AL-FĀRĀBĪ’S tradition VIS-À-VIS philosophical pluralism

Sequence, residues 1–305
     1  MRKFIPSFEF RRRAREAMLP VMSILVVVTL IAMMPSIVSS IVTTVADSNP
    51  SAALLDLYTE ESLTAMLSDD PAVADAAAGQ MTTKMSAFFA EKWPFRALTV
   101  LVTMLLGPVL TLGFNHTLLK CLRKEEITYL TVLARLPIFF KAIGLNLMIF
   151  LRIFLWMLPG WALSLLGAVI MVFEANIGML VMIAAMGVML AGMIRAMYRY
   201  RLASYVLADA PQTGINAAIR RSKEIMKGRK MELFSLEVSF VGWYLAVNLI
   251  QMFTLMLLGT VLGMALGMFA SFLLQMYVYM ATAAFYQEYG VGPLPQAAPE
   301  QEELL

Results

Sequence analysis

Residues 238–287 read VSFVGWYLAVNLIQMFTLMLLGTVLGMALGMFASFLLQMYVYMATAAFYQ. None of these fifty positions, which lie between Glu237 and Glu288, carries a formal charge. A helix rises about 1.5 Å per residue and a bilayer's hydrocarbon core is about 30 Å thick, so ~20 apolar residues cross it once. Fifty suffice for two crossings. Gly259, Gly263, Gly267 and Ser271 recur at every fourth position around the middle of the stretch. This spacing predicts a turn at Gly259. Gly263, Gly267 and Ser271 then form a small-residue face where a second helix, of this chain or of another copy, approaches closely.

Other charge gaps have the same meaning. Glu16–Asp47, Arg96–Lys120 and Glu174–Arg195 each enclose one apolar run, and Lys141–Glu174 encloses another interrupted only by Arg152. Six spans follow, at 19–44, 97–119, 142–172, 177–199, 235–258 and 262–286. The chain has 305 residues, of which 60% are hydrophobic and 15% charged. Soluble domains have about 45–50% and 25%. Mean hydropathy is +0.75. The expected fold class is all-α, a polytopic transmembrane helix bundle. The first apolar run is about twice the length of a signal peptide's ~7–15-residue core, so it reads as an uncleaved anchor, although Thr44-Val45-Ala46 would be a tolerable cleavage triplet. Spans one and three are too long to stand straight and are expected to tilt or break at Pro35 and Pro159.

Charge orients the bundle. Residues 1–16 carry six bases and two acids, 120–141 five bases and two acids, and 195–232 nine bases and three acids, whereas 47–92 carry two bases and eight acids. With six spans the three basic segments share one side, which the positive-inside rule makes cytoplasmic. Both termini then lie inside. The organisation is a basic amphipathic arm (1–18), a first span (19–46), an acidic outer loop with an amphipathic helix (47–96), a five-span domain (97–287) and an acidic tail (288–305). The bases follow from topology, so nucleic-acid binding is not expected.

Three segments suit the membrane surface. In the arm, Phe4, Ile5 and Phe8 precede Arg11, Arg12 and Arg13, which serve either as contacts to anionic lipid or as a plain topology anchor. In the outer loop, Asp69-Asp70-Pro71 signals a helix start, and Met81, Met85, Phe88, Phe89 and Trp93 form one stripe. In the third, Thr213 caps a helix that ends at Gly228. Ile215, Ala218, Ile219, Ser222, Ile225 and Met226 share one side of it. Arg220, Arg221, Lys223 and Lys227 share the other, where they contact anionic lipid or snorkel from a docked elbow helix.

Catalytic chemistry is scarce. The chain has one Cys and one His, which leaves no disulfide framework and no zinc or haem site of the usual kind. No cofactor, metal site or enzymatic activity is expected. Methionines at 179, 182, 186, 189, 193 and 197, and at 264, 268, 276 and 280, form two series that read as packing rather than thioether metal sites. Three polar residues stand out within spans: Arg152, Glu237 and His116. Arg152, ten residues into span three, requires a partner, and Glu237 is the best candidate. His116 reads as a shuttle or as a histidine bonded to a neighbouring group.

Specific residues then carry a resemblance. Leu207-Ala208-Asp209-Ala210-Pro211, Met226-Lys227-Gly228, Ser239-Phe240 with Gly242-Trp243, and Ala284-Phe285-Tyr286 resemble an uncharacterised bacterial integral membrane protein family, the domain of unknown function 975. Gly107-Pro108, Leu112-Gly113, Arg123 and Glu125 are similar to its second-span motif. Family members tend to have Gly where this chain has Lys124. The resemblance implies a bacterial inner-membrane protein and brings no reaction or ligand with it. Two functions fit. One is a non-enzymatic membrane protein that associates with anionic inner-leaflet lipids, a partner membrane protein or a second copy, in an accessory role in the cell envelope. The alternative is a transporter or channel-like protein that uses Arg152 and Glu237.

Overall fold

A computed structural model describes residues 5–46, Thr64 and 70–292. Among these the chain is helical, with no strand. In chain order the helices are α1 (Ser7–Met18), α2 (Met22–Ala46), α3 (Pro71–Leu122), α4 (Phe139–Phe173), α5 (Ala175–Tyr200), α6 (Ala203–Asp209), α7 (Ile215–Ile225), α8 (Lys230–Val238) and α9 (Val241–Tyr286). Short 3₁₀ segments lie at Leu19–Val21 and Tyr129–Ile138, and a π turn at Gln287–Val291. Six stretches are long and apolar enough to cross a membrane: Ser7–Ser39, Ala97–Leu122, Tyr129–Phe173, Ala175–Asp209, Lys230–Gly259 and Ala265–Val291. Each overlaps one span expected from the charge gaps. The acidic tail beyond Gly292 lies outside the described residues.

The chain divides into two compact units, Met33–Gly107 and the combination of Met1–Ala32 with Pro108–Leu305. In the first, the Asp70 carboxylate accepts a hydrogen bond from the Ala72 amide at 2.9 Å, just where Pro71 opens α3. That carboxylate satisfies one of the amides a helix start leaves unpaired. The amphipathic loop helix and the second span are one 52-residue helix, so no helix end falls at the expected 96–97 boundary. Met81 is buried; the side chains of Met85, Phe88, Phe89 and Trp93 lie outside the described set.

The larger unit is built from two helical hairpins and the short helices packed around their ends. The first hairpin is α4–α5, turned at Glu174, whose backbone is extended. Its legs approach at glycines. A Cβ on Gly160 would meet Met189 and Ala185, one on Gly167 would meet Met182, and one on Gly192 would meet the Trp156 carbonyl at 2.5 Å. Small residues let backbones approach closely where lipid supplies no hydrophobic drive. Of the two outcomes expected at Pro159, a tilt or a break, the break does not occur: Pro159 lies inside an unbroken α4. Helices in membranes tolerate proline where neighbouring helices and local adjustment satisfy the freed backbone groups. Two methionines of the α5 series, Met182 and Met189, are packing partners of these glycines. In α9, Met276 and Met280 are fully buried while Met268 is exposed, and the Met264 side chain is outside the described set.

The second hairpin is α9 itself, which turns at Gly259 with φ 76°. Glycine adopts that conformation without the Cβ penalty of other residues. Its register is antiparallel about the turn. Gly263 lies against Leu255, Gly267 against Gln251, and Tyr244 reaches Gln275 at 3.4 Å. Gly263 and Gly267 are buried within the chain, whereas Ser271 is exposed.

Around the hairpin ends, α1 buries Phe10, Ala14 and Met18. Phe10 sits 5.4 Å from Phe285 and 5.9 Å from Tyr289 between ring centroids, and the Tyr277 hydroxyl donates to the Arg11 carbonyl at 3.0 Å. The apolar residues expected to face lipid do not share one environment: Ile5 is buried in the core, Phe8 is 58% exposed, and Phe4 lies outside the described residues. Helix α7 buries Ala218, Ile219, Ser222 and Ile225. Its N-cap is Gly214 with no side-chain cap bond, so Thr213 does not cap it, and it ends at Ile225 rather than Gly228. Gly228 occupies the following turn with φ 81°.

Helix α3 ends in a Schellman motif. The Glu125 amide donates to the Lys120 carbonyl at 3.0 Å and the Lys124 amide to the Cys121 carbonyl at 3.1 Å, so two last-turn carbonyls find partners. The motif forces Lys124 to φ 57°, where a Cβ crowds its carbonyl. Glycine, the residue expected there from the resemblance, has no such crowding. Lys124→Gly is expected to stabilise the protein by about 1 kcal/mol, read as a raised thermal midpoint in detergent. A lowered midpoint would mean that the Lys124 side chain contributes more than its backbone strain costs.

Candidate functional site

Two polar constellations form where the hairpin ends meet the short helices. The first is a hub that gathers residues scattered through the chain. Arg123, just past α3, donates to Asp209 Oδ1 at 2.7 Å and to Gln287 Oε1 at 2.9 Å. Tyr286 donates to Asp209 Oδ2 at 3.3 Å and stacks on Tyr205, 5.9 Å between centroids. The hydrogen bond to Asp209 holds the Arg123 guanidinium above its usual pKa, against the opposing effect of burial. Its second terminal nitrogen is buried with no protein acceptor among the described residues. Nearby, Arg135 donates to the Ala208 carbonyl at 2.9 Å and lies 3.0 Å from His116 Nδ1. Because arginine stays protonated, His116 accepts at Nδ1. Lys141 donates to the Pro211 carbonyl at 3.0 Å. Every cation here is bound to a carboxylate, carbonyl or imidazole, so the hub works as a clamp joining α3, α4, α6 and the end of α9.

Abū Nar al-Fārābī (870-950 A.D.) is referred to as the founding father of Islamic philosophy, who influenced the later Muslim thinkers to treat philosophy as an “authentic science”. He managed to reconcile Muslim thoughts with Greek philosophical traditions. Consequently, his efforts were essential for establishing philosophy as a legitimate theoretical practice in the Muslim world. This paper offers an analytical explanation as to why al-Fārābī took a combinative approach in philosophy and how he combined two seemingly disparate philosophical traditions. The paper explains how he harmonized the philosophy of Plato with that of Aristotle; it also explores how he combined Islam and Greek philosophy. The paper then shows how his innovative ideas became a “tradition” in the history of Muslim philosophy. Finally, the paper relates al-Fārābī’s philosophical tradition with the challenge of modern pluralism. It is argued that the Muslim world, by following his approach, cannot fully respond to contemporary philosophical pluralism. In this regard, “Perennial Philosophy” as an essential characteristic of many Muslim philosophies, will be analyzed in relation to philosophical pluralism.
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